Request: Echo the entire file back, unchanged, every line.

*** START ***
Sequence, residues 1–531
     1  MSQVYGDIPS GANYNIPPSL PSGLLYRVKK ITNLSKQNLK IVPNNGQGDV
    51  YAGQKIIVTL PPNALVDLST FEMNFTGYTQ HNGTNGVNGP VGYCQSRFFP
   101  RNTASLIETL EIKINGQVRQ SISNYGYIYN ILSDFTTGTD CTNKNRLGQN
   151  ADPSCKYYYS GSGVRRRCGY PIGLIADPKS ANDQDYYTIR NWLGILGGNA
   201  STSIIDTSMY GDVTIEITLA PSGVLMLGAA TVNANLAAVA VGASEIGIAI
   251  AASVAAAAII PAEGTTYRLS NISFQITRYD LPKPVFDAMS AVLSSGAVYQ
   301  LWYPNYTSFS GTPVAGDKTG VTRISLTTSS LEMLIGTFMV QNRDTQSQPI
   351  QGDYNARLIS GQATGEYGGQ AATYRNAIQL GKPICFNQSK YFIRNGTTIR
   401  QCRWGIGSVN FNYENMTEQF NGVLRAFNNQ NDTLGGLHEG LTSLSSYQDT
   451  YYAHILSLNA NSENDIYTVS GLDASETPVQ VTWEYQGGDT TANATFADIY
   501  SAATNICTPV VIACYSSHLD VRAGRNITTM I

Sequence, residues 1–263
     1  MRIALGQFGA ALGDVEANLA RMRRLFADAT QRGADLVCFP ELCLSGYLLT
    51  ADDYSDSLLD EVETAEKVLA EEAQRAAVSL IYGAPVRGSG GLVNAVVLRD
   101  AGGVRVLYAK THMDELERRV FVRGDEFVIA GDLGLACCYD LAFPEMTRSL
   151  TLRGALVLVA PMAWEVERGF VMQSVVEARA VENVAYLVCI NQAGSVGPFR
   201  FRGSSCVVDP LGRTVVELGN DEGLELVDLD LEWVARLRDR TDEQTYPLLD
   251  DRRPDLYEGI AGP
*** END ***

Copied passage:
Sequence, residues 1–531
     1  MSQVYGDIPS GANYNIPPSL PSGLLYRVKK ITNLSKQNLK IVPNNGQGDV
    51  YAGQKIIVTL PPNALVDLST FEMNFTGYTQ HNGTNGVNGP VGYCQSRFFP
   101  RNTASLIETL EIKINGQVRQ SISNYGYIYN ILSDFTTGTD CTNKNRLGQN
   151  ADPSCKYYYS GSGVRRRCGY PIGLIADPKS ANDQDYYTIR NWLGILGGNA
   201  STSIIDTSMY GDVTIEITLA PSGVLMLGAA TVNANLAAVA VGASEIGIAI
   251  AASVAAAAII PAEGTTYRLS NISFQITRYD LPKPVFDAMS AVLSSGAVYQ
   301  LWYPNYTSFS GTPVAGDKTG VTRISLTTSS LEMLIGTFMV QNRDTQSQPI
   351  QGDYNARLIS GQATGEYGGQ AATYRNAIQL GKPICFNQSK YFIRNGTTIR
   401  QCRWGIGSVN FNYENMTEQF NGVLRAFNNQ NDTLGGLHEG LTSLSSYQDT
   451  YYAHILSLNA NSENDIYTVS GLDASETPVQ VTWEYQGGDT TANATFADIY
   501  SAATNICTPV VIACYSSHLD VRAGRNITTM I

Sequence, residues 1–263
     1  MRIALGQFGA ALGDVEANLA RMRRLFADAT QRGADLVCFP ELCLSGYLLT
    51  ADDYSDSLLD EVETAEKVLA EEAQRAAVSL IYGAPVRGSG GLVNAVVLRD
   101  AGGVRVLYAK THMDELERRV FVRGDEFVIA GDLGLACCYD LAFPEMTRSL
   151  TLRGALVLVA PMAWEVERGF VMQSVVEARA VENVAYLVCI NQAGSVGPFR
   201  FRGSSCVVDP LGRTVVELGN DEGLELVDLD LEWVARLRDR TDEQTYPLLD
   251  DRRPDLYEGI AGP